The Fund argues Gruber is not shielded from liability to third parties because of his corporate officer status, asserting that Gruber personally had a societal and statutory 9 duty towards CCG employees to refrain from underestimating their workers' compensation liabilities. The Fund also submits that the complaint followed to the letter the Supreme Court's directive in Francis T. v. Village Green Owners Assn. (1986) 42 Cal.3d 490, 229 Cal.Rptr. 456, 723 P.2d 573 with respect to the plaintiff's burden in stating a tort cause of action against officers and directors in their individual capacities: “To maintain a tort claim against a director in his or her personal capacity, a plaintiff must first show that the director specifically authorized, directed or participated in the allegedly tortious conduct [citation]; or that although they specifically knew or reasonably should have known that some hazardous condition or activity under their control could injure plaintiff, they negligently failed to take or order appropriate action to avoid the harm [citations]. The plaintiff must also allege and prove that an ordinarily prudent person, knowing what the director knew at that time, would not have acted similarly under the circumstances.” (At pp. 508–509, 229 Cal.Rptr. 456, 723 P.2d 573.)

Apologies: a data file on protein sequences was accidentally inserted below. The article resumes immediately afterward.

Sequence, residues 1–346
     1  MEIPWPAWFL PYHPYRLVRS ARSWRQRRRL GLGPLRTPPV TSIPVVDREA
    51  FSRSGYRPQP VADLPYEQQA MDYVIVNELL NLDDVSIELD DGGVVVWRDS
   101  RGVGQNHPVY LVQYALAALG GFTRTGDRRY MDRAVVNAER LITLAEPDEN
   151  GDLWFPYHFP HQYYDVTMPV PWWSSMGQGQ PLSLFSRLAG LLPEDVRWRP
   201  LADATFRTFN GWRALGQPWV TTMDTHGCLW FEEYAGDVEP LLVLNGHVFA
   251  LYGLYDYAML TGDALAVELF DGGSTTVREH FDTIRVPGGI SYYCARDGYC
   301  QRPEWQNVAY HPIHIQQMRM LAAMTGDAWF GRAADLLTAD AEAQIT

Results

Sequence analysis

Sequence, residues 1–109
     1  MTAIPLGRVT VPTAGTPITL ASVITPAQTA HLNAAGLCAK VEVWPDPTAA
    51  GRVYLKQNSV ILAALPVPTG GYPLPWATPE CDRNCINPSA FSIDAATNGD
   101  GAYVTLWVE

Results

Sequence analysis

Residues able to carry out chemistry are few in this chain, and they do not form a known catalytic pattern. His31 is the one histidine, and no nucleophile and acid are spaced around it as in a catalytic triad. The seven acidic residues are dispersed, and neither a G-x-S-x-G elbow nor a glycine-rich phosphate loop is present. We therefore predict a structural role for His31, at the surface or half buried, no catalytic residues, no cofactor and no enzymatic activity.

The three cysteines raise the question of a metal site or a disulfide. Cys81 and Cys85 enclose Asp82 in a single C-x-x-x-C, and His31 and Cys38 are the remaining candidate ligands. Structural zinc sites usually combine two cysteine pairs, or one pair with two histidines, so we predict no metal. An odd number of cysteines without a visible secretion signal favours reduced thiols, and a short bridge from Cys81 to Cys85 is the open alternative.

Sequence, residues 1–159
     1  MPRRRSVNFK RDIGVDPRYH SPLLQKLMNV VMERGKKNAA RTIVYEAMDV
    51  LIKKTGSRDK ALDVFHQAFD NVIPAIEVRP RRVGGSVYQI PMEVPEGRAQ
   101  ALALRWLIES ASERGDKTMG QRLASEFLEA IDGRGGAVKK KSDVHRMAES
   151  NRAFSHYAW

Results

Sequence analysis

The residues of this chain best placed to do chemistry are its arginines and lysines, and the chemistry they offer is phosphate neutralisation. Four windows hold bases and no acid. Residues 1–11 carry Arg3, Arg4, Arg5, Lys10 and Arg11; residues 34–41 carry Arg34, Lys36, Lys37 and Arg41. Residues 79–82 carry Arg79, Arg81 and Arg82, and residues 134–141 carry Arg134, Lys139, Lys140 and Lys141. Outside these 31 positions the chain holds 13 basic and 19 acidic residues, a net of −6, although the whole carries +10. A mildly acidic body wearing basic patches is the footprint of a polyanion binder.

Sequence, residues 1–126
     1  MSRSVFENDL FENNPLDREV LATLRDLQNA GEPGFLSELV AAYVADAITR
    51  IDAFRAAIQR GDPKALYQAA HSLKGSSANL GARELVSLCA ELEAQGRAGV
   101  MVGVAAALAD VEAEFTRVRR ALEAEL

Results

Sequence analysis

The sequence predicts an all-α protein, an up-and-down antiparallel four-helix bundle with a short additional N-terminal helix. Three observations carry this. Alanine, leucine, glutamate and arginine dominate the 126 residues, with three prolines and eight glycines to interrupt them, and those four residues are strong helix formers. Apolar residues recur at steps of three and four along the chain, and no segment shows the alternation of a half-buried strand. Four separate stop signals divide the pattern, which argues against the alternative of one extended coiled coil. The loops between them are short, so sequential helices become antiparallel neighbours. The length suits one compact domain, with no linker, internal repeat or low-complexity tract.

We agree that the complaint recited the magic words of Francis T. However, that does not solve the legal problem of whether Gruber owed a duty of care to CCG employees under the circumstances. We conclude he did not.
The opinion in Francis T. responded to an especially troubling factual situation in which the plaintiff condominium owner, whose unit previously had been burglarized, installed her own exterior lights after the owners' association failed to act on repeated requests for lighting. It was well known by the association directors that the project was subject to an “exceptional crimewave” at the time. The directors ordered the lighting removed because it violated the project's covenants, conditions and restrictions. Plaintiff complied with the order and was raped and robbed the very night she disconnected the lighting.